According to a new IBRS study, integration is proving to be a challenge for the growing number of organisations where business units have procured cloud-based applications with only superficial IT involvement.
For example, IBRS has noted that human resources departments that procured Software as a Service (SaaS) based e-learning and human capital management solutions from cloud services without IT involvement are now struggling to obtain a consistent view of staffing.
- Read more: How will the shift in how enterprise technology procurement effect your business? Download the 2019 State of Enterprise Software Report
For these organisations, SaaS has been both a blessing and a curse. On the one hand, it has enabled business units to easily acquire and run enterprise-grade business solutions that are specific to their needs, without significant input from IT. On the other hand, this ease of acquisition and deployment also means many organisations are creating silos of information and processes.
In short, the procurement and use of satellite SaaS solutions by individual business units is starting to drive fragmentation of information and processes. Often, IT is being asked to integrate multiple cloud and on-premise enterprise solutions long after these solutions are put in place – an unenviable and untenable situation. Frankly, it’s a bit of an old-fashioned conundrum.
TechnologyOne SaaS transition specialist, Julie Ember, says: “Enabling your business areas to access the applications they need to do business is important. However, without a level of governance you are at risk of a complex application architecture. You may end up with applications that overlap in functionality, are not easy to integrate or upgrade, or do not have the right level of actual ‘service’.”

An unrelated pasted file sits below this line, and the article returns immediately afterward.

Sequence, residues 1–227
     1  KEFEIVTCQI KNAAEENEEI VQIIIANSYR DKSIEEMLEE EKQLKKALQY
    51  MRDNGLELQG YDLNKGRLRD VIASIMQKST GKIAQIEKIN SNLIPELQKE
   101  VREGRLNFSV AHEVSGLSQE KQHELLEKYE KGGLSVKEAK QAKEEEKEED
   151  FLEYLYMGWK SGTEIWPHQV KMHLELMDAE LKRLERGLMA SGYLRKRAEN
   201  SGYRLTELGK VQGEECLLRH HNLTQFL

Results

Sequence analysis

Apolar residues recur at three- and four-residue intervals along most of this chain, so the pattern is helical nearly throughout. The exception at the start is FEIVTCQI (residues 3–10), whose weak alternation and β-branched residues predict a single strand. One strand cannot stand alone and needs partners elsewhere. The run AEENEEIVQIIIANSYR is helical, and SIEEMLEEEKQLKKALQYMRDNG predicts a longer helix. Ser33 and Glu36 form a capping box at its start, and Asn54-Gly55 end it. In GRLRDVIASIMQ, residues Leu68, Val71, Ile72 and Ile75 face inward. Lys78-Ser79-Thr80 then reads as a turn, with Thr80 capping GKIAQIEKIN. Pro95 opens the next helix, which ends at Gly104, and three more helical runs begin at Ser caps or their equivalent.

Ember says this is where the IT team can add value, by providing the governance model that ensures a strategic approach to any application procurement decisions across the business. Having a company-wide procurement model allows IT team to ask questions like:
- Is there already software that does this in the organisation?
- Would other parts of the business want to use this new capability?
- Should the broader organisation be asked for their input?
- Does this fit into the IT strategy that has been agreed upon to deliver the business vision?
Integration = innovation
The IBRS study also found that integration is now recognised as a strategic imperative. Senior executives viewed the integration of core enterprise solutions as a necessary precursor to innovation initiatives.
However, many of them also said integration is not solely a technical issue: it is a strategic business issue. More specifically, the challenges of integration mirror the challenges of structuring a business and the processes that flow both externally and internally.
TechnologyOne’s Julie Ember says having clarity as to the business structure and process is essential to understanding how the integration challenge will be addressed, and how further operational innovations will be achieved.
“It starts with shifting from a pure ‘technical integration’ focus towards a business-led discussion focused on business processes and information sharing. It should be about how technology can help support your business strategy – not how your business strategy can work around your technological capability.
“From there, the technical discussion can look at what can and can’t be delivered and what might need changing to achieve what the business needs,” says Ember.
Ember adds that keeping integration simple should be the guiding principle.
“Most SaaS vendors will provide a list of integration options that have been tested and verified as scalable, robust and secure. So once the integration requirements are truly known, organisations need to ensure they choose software that is in line with their integration strategy.
“Ultimately, the decisions you make in regards to applications, interfaces, business processes, information sharing and how that all fits together is to support and enable the business to achieve its strategic business objectives.”
About this author
Mike Gee is a writer for the Which-50 Digital Intelligence Unit of which Technology One is a corporate member. Members provide their insights and expertise for the benefit of the Which-50 community. Membership fees apply.